Pipestone National Monument

Travel Brochure

Pipestone, Minnesota

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History of Pipestone National Monument

Named after the smoke marks formed by Native Americans over the years, the park began as a home for Native American tribes and is now a National Monument for Civil War soldiers. Pipestone National Monument has always been an important site for many American Indians and their cultures and still is today. It is seen as a place to be reverent and respectful.


In beautiful Pipestone, MN it rains on average, 26 inches per year and snows on average, 36 inches per year. The US averages are 37 inches of rain and 25 inches of snow per year. In a year, Pipestone, MN gets an average of 91 days with measurable precipitation and 210 days of sunshine. July's high is around 84 and January's low is around 0.

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Activities at Pipestone

  • We have a great Junior Ranger Program that allows kids to learn about Pipestone's history and resources while having fun.
  • Circle Trail is a paved walking trail that leads to several points of interest at Pipestone National Monument.
  • We have more than 100 different quarries. These are fun sites for individuals and groups. The Three Maidens is our most popular quarry and is a great location to enjoy a picnic.
  • Fishing at Split Rock Creek is fantastic. This is the largest body of water in Pipestone Monument and if you sit real still, you may get to see many different animals in their natural habitat. A few animals to watch for are: Painted Turtles, Gray Tree Frogs, Beavers, Big Brown Bats, Garter Snakes, Eastern King Bird, Green Sunfish, and Brook Stickleback.

Fascinating Facts

  • At the entrance to Pipestone National Monument you will find three large boulders. These are called the Three Maidens. They representative the guardian spirits of the pipestone quarries.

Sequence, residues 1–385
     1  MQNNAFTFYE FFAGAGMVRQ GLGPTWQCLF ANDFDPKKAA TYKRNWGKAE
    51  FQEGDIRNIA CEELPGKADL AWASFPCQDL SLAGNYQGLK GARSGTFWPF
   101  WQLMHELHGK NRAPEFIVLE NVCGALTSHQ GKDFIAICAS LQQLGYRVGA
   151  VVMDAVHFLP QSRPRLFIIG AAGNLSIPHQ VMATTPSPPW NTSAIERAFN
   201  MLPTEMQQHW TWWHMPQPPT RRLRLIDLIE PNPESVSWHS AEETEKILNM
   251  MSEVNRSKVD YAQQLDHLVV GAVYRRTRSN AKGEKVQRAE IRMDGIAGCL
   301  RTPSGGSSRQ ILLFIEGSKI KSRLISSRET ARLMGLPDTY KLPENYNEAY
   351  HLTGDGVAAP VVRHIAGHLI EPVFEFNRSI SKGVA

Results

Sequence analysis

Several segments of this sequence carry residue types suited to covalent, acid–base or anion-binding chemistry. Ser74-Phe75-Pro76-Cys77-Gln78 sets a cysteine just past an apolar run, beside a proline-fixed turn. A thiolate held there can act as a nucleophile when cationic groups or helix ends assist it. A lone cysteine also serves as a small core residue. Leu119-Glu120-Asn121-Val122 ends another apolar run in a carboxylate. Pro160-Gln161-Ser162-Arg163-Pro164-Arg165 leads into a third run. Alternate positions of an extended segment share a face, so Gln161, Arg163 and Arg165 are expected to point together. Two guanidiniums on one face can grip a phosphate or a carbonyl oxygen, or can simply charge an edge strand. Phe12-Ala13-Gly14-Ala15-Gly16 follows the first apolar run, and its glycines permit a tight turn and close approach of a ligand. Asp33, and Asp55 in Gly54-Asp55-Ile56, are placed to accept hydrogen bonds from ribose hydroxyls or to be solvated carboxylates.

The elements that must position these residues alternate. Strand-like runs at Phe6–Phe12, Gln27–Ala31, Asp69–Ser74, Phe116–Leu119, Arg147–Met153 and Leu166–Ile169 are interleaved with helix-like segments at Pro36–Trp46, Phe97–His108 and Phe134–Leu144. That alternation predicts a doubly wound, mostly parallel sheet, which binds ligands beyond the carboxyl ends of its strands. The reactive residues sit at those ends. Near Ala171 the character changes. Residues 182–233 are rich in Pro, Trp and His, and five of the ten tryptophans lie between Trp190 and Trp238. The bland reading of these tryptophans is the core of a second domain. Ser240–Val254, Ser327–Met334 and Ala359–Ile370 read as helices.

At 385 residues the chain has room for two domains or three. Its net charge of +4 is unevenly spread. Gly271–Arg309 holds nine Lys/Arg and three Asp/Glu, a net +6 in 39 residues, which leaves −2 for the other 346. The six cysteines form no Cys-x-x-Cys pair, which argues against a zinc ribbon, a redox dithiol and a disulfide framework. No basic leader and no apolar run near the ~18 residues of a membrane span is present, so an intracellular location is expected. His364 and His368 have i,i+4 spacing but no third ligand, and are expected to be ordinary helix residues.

• Pipestone National Monument is located about 12-17 feet below the ground, between layers of quartzite rock.

  • The prairies are home to many plants and animals. At the park there are many state-listed rare species, one of the federally threatened flowers is called the Western Prairie-Fringed Orchid (pictured below).

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Association with Native Americans

Red Catlinite Pipes were made for different reasons. Some were made for trade, but the first and most important use was for sacred ceremonies. The pipes were made and used differently by different tribes, some for rallying forces for warfare and some for peace.
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How Pipestones has Changed

Over the last 100 years, Pipestone has changed a lot. Indian cultures have many stories about the pipe and quarrying grounds. In 1937, Congress established it as an important site and signed a bill to protect the historic pipestone quarries. Quarrying is “an open excavation usually for obtaining building stone, slate, or limestone” and took place at Pipestone National Monument for thousands of years. Today, only members of Native American tribes are allowed to apply for quarry permits. Pipestone has and continues to be traded all over North America.
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Pipestone National Monument

36 North Reservation Ave.
Pipestone, MN 56164
Park Ranger Belle Lane